Best restaurants in Sichuan

  • Top ChoiceRestaurants in Le Shan

    Zhao Family Crispy Duck

    Foodies flock to this simple but superb restaurant for its speciality – sweet, crispy roast duck ( jīn; ¥22). The draw is the skin, which is best described as duck candy, a miraculously ungreasy bite of heaven. Eat it while it's hot – in the middle of the sidewalk with your bare hands, if necessary. Look for the sign 'Zhaoyazi, 赵鸭子'.

  • Top ChoiceRestaurants in Chengdu

    Dòng Zǐ Kou Zhāng Lǎo Èr Liáng Fěn

    A city classic that's always packed at lunchtime, but just squeeze onto the end of one of the benches and tuck into the house special: tián shuĭ miàn, which is a tongue-tingling, mind-blowing bowl of thick, sugary noodles in a spicy sauce. Try it once and you'll come back day after day.

  • Restaurants in Jiuzhaigou National Park

    Ā Bù Lǔ Zī

    The fanciest Tibetan restaurant in Jiuzhaigou, this excellent establishment is run by the same family behind Zhuo Ma’s Homestay (Zhuo Ma’s brother, Ke Zhu, is a Lhasa- and Beijing-trained chef). There's an extensive menu of delicious Tibetan dishes, and some Western ones as well. For a quick fix, there's an affiliated dumpling joint downstairs.

  • Restaurants in Chengdu

    Chén Mápó Dòufu

    The plush flagship of this famous chain is a great place to experience mápó dòufu (麻婆豆腐; small/large ¥12/20) – soft, house bean curd with a fiery sauce of garlic, minced beef, fermented soybean, chilli oil and Sichuan pepper. It’s one of Sichuan’s most famous dishes and this restaurant’s speciality. Nonspicy choices are available, too.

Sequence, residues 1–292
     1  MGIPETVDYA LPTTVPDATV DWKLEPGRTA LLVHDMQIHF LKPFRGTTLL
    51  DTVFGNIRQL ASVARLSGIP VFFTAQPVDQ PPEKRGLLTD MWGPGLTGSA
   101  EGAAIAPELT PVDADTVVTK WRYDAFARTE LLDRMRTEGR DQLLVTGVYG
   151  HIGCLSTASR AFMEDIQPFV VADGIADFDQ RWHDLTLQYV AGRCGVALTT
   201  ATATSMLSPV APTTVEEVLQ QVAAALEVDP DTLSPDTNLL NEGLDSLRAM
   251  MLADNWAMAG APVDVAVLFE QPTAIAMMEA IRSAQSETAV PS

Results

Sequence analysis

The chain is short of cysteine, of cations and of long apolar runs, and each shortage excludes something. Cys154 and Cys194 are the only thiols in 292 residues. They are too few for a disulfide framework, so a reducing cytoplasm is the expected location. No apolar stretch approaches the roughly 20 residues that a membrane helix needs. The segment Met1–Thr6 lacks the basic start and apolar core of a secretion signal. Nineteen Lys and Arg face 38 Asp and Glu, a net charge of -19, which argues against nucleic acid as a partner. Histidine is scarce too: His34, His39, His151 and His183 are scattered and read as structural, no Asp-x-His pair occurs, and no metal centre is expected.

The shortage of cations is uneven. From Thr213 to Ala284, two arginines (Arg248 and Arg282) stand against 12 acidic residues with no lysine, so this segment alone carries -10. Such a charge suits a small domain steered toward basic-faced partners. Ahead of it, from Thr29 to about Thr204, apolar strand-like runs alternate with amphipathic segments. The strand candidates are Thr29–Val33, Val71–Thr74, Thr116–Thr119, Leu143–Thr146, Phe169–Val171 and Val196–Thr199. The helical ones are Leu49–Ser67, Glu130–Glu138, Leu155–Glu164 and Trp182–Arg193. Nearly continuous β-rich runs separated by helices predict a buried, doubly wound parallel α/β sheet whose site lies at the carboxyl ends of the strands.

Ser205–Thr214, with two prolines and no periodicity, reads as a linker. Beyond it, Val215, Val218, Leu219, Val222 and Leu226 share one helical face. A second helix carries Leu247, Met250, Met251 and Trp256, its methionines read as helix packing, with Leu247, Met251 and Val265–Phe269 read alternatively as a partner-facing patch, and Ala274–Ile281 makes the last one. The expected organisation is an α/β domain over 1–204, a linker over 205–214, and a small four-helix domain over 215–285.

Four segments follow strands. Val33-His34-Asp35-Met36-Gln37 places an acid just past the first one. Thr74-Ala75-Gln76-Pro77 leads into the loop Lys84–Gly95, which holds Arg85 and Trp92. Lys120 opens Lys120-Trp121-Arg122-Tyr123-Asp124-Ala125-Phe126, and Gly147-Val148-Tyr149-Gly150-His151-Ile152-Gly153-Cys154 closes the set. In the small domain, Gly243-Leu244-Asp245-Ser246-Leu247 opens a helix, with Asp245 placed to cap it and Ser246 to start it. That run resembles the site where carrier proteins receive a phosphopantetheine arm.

• Top ChoiceRestaurants in Chengdu

    Drolmala Music Space

    Drolmala is something of a social centre for the young of Chengdu's big Tibetan community. This superb space mixes fabulous modern Tibetan cuisine with regular, live world music (when we dropped by a contemporary Kazak folk band was playing) and a happening bar that attracts a good crowd of Tibetans and in-the-know Chinese and expats. Food is served until 10pm.

  • Restaurants in Baiyu

    Kăwăkăbù Zàngcān

    Despite the lack of menus, ordering here is easy as the friendly Tibetan family drag you by the arm back into the kitchen for a look. Don't think too hard, though: the momos (牛肉包子; ¥2 each) are fantastic, among the best to be had anywhere in the Kham.

  • Top ChoiceRestaurants in Chengdu

    Mǎ Wàng Zi

    This high-end Sichuan joint does everything right, from service and cuisine to ambience, but it's decidedly popular so you'd do well to make reservations beforehand.